2494 words - 10 pages Symbolism in Young Goodman Brown                 Edmund Fuller and B. Jo Kinnick in “Stories Derived from New England Living” state: “Hawthorne’s unique gift was for the creation of strongly symbolic stories which touch the deepest roots of man’s moral nature” (31). It is the purpose of this essay to explore the main symbolism contained within Nathaniel Hawthorne’s tale, “Young Goodman Brown.”   Stanley T. Williams in “Hawthorne’s

The Adventure of the Speckled Band, The Stolen Bacillus and Napoleon and the Spectre

2552 words - 10 pages became popular and were published regularly in magazines and newspapers. Most of the them, like the three I am discussing in this essay; were thrilling due to the recent fascination people had which was scaring themselves senseless for entertainment. In "The Adventure of the Speckled Band," (A.O.T.S.B) "The Stolen Bacillus," (T.S.B) and "Napoleon and the Spectre" (N.A.T.S) the authors all play on different themes

The War of the Worlds

2576 words - 10 pages of English literature, contain some of her finest prose and are praised for their insight. In the following excerpt from an essay originally published in the Times Literary Supplement in 1919, Woolf charges Wells with materialism.] ARTICLE: [Wells] had no illusions about himself as an author. He always insisted that he made no pretension to be an artist. That was, indeed, something he despised rather than admired, and when he spoke of Henry

Similar Essays

Robert Frost's "Stopping By Woods On A Snowy Evening", William Wordsworth's "I Wandered Lonely As A Cloud", And Octavio Paz's "The Street".

757 words - 3 pages Robert Frost's "Stopping by Woods on a Snowy Evening", William Wordsworth's "I Wandered Lonely as a Cloud", and Octavio Paz's "The Street" share similar themes in that they all explore solitude and insightfulness. There is an interesting contrast within this group of poems, especially between the Frost and Wordsworth poems and Paz's illustration. The first two poems are gentle and simple in their tone, whereas the last is quite solemn and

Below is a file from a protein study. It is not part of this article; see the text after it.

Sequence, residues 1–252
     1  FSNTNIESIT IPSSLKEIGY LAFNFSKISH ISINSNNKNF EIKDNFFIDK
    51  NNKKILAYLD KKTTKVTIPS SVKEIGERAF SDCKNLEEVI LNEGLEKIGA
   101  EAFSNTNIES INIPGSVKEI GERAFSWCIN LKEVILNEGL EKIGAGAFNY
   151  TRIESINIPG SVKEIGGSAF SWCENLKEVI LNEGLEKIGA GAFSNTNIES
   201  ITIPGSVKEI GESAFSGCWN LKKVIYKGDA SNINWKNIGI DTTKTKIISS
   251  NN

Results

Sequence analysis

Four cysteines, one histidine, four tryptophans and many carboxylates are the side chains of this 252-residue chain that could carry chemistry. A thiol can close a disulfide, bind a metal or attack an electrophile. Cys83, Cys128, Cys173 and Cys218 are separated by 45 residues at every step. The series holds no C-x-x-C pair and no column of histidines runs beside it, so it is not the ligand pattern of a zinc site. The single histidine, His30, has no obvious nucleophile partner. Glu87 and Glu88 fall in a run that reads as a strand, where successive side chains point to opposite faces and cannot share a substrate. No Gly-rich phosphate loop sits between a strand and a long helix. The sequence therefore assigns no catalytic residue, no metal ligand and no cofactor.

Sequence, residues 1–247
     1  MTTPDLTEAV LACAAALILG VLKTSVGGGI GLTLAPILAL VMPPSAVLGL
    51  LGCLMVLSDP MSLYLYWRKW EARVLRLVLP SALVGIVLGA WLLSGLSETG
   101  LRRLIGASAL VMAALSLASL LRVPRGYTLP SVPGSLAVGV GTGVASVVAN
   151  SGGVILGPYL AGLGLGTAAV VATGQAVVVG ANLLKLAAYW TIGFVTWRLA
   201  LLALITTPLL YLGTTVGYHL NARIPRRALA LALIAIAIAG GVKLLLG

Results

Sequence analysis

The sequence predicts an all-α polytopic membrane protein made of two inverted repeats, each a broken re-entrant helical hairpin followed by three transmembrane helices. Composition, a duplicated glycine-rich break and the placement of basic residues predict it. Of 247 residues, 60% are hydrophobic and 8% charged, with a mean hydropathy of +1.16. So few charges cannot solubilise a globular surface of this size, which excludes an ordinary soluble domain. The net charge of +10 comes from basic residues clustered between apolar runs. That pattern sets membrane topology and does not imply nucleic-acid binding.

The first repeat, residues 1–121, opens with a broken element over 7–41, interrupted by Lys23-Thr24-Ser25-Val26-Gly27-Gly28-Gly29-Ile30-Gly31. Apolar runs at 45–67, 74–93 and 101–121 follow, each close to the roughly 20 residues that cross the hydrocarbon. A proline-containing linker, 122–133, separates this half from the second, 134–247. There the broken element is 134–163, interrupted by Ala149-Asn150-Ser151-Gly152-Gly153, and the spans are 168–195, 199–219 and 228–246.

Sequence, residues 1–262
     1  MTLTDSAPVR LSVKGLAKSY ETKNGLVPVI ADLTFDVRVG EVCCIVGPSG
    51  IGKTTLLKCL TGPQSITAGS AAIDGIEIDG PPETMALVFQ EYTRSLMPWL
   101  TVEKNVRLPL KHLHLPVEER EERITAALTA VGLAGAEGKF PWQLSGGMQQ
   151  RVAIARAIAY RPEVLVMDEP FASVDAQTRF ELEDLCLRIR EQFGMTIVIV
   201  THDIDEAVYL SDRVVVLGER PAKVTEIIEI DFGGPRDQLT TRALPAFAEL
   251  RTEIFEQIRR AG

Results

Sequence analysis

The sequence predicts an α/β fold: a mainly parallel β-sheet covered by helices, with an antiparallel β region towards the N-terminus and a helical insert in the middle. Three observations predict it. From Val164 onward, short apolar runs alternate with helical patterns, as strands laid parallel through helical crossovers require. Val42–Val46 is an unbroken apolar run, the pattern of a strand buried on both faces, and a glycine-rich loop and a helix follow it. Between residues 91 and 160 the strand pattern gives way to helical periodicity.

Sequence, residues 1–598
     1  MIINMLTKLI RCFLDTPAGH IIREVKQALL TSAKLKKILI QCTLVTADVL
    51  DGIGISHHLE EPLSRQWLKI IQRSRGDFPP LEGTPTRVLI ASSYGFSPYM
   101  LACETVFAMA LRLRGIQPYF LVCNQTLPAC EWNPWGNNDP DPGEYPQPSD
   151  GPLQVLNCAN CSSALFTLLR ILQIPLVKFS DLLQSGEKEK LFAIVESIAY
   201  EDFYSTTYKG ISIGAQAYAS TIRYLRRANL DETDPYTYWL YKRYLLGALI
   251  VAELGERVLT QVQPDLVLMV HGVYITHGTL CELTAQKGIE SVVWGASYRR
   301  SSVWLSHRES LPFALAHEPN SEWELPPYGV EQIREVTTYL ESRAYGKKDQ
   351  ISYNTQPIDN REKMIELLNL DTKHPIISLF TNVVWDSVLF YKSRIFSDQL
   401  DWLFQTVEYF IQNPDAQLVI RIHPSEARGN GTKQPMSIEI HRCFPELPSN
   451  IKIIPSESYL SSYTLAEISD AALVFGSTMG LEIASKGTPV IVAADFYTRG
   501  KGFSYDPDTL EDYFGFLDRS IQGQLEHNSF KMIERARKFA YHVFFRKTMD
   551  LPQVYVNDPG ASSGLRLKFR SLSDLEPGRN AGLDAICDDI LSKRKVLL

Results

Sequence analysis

On Live: The Future Of Gaming Or Technological Disaster?

2532 words - 10 pages about how cloud computing affects the consumer is identical to the opinion I argue in my essay. Rayburn, Dan. "Bandwidth Pricing Trends: Cost To Stream A Movie Today, Five Cents: In 1998, $270." The Business Of Online Video. 6 Jan. 2010. Web. 2 Nov. 2010. . Dan Rayburn is a frequent commentator on bandwidth pricing, and his analysis are nothing short of shocking. In this article, he comments upon the rapid

The Setting Of Hawthorne's Young Goodman Brown

1678 words - 7 pages The Setting of “Young Goodman Brown”      This essay will examine the main physical settings within Nathaniel Hawthorne’s short story, “Young Goodman Brown.” These are four in number and begin and end in the village of Salem. The tale opens at Goodman and Faith Brown’s house, in the doorway where the protagonist is telling his wife goodbye, and where she is trying to dissuade him from his planned adventure on this particular night

Not All Homeless People Are Crazy

1450 words - 6 pages count ourselves exceedingly fortunate, because we are blessed. Home--the roof and the walls--protects us from outside pressure, and gives strength and desire to live, which is the important moral base of a psychologically healthy human being. But what about those who don’t have it? Those who we call Homeless? Unfortunately, there is always a dark cloud in a blue sky, and in “Are the Homeless Crazy?” Jonathan Kozol questions the primary cause of